WTC Final: Australia’s dominant bowlers leave India struggling

Poor execution continues to haunt India as they are 318 behind with last recognised pair at the

| Updated: 08 June, 2023 11:45 pm IST
Ravindra Jadeja top scored with 48 in the first innings  (Photo Courtesy Twitter @BCCI)

NEW DELHI: Australia delivered a lesson on the art of pace bowling as their pace attack capitalised on a helpful Oval pitch, leaving India reeling at 151 for 5 at stumps on the second day of the World Test Championship final.

The familiar struggle for the famed Indian batting left them 318 runs short of Australia’s first innings total of 469 with just the last pair of recognised batters – Ajinkya Rahane and Srikar Bharat – at the crease.

India will also pray for Shardul Thakur to come good with the bat after a rather disappointing performance with the ball.

Australia’s fast bowlers played a significant role in dismantling India’s batting lineup, with off-spinner Nathan Lyon also contributing a crucial wicket.

Lyon’s dipping, turning off-break deceived Ravindra Jadeja, India’s top-scorer, who edged the ball to first slip, ending a resilient 71-run partnership with Ajinkya Rahane. This dismissal only fuelled further debate surrounding India’s selection choices, particularly the omission of R Ashwin against a predominantly left-handed Australian batting order.

WTC final: India struggle as Australia dominates opening day

However, India’s challenges stemmed not from their decision to field four fast bowlers but rather from their execution. On a bouncier surface than what they typically encounter in India, the bowlers needed to consistently pitch the ball fuller, challenging the stumps, and employing various modes of dismissal. Unfortunately, they struggled to maintain this length consistently. Although they managed to stage a comeback in the first half of day two, taking 7 for 142, it may have come too late as Australia had already amassed 327 for 3 on day one.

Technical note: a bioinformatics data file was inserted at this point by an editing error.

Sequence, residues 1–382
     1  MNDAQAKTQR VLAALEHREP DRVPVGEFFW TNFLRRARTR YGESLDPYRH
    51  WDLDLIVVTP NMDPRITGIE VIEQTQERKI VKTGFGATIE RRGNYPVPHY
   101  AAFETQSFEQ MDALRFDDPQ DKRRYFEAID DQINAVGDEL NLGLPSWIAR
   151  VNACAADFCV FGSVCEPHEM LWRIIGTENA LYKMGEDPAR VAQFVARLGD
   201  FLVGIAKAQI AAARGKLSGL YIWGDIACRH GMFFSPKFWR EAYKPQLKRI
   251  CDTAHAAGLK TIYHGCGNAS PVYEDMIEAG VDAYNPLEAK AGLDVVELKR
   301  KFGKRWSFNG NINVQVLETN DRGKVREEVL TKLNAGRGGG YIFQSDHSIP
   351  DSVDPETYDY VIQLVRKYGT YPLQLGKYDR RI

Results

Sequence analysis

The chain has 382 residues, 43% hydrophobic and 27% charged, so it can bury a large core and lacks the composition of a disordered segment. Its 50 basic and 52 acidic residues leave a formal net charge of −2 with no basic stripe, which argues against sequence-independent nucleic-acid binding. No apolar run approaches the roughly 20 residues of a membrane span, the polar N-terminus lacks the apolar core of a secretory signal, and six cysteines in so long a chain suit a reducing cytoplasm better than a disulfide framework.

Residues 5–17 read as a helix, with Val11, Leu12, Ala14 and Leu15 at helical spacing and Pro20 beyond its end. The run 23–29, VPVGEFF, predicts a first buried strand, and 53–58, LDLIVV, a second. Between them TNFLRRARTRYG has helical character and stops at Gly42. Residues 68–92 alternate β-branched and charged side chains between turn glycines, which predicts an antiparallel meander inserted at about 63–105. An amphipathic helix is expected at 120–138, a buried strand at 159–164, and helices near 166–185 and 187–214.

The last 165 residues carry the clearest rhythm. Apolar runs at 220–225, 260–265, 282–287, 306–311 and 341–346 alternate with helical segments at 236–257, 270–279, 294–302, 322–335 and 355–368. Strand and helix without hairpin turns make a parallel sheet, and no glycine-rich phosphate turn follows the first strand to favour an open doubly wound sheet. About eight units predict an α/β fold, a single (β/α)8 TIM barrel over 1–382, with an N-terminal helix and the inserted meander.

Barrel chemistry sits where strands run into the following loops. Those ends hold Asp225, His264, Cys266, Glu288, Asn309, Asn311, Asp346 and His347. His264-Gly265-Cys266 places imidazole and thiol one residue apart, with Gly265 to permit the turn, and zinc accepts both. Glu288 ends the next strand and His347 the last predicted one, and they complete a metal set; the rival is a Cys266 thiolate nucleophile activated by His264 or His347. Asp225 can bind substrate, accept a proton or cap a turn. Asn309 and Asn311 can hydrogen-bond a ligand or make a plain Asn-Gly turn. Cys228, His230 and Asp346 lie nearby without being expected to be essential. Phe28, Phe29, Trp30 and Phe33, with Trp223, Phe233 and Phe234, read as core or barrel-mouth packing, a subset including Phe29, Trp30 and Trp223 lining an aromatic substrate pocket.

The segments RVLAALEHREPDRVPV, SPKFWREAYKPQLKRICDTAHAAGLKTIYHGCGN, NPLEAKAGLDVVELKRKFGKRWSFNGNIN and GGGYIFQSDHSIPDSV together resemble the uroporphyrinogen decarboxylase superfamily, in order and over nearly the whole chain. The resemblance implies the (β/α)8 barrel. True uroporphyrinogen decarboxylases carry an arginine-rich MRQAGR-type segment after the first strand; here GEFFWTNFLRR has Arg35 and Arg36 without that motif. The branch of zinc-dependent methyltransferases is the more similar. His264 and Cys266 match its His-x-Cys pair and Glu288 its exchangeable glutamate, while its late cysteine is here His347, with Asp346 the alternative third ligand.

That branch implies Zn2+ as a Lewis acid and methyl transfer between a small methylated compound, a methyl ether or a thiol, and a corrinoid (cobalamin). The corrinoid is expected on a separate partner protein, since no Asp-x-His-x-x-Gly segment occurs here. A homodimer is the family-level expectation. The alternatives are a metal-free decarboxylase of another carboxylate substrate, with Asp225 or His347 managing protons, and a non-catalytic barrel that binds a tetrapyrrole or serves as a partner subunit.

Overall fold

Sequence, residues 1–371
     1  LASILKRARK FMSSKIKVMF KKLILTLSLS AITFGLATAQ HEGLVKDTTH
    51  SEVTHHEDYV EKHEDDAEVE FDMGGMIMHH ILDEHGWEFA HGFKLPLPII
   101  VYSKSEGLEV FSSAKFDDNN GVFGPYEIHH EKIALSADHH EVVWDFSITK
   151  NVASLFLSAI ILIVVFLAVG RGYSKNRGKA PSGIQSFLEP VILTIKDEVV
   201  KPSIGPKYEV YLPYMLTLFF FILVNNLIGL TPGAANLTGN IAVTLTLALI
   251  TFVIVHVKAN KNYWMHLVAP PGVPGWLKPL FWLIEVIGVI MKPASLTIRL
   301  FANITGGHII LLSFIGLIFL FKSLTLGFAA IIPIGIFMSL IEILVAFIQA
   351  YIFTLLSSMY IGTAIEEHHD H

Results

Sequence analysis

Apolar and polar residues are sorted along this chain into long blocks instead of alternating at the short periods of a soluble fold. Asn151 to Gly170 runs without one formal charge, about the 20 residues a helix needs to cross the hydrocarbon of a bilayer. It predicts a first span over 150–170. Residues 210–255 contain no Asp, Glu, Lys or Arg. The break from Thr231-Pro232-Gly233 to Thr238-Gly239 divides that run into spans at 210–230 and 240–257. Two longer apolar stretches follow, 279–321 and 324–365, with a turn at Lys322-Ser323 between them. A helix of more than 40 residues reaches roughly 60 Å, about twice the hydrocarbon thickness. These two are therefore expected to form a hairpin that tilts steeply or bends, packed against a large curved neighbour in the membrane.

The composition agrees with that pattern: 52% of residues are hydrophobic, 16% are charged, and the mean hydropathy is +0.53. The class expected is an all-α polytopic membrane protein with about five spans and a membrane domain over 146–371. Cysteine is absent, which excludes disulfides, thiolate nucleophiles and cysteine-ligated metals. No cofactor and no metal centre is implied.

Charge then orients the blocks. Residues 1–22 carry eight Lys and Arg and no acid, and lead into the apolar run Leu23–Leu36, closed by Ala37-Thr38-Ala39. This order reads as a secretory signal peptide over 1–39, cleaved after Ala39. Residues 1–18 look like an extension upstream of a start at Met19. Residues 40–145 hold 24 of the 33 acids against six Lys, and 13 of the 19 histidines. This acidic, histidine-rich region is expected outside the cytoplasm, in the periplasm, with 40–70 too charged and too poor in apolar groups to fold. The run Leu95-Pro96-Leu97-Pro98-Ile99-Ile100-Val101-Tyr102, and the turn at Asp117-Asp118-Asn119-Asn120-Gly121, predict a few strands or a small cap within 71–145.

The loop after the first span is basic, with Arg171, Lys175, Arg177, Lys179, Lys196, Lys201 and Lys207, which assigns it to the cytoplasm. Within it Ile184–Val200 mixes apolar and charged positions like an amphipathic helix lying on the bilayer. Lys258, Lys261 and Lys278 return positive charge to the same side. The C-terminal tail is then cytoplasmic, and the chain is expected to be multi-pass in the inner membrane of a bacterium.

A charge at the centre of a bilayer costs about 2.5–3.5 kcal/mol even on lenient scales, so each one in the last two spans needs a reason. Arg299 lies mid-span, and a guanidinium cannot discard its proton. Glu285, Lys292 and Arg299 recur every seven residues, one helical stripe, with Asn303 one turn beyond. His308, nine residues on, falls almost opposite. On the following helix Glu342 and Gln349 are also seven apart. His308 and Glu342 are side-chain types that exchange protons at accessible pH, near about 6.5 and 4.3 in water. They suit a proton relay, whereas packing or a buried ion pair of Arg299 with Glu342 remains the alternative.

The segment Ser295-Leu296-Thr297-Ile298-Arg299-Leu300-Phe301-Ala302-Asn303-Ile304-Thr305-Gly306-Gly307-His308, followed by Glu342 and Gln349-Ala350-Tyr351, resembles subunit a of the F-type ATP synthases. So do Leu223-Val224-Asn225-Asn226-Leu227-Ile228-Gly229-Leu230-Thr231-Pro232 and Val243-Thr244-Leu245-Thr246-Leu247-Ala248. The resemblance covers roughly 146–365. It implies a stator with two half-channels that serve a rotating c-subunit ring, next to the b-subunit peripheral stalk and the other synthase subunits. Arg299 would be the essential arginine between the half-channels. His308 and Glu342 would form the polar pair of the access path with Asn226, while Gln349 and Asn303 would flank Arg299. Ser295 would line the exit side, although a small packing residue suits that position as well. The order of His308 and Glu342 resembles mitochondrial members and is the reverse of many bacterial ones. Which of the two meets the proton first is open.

When their time came, Australia’s pacers exemplified the art of bowling on a deteriorating pitch marked with cracks. Mitchell Starc and Pat Cummins initially erred by overpitching, allowing Rohit Sharma and Shubman Gill to make a brisk start. However, it was only a matter of time before the Australian quicks discovered the ideal length: full but not drivable.

Going against the tide, Lyon picked up a crucial wicket to Ravindra Jadeja (Photo Courtesy Twitter @ICC)

 

Cummins found that length in the sixth over, producing a delivery that nipped in and trapped the half-forward Rohit in front. Shortly thereafter, Scott Boland, who seemed tailor-made for such conditions, bowled a lethal in-dipper that Gill fatally chose to leave alone, resulting in his dismissal.

Cheteshwar Pujara and Virat Kohli stabilised India’s innings, adding 20 runs on either side of tea. Despite their cautious approach, they remained watchful of the unpredictable seam movement and uneven bounce characterising the pitch. However, Cameron Green replicated Boland’s delivery to dismiss Gill, with Pujara replicating Gill’s response, leaving India struggling at 50 for 3, as their top three batsmen fell to bowled or lbw dismissals.

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Australia further tightened their grip on the match when Mitchell Starc returned and delivered a fierce ball to Kohli. Coming from left arm over, the delivery angled across and took off from a length, leaving Kohli with no choice but to glove it to the second slip while trying to negotiate it from the front foot. India slumped to 71 for 4.

With Australia’s bowlers in complete control, India faces an uphill battle to recover and make a comeback in the World Test Championship final. As the match progresses, India’s batsmen must find a way to counter Australia’s potent pace attack and navigate the challenges posed by the deteriorating pitch to keep their hopes alive.

BRIEF SCORE (At Stumps on Day 2): Australia 469 (Travis Head 163, Steve Smith 121; Md Siraj 4-108) led India 151 for 5 (Ravindra Jadeja 48; Scott Boland 1-29, Nathan Lyon 1-4) by 318 runs

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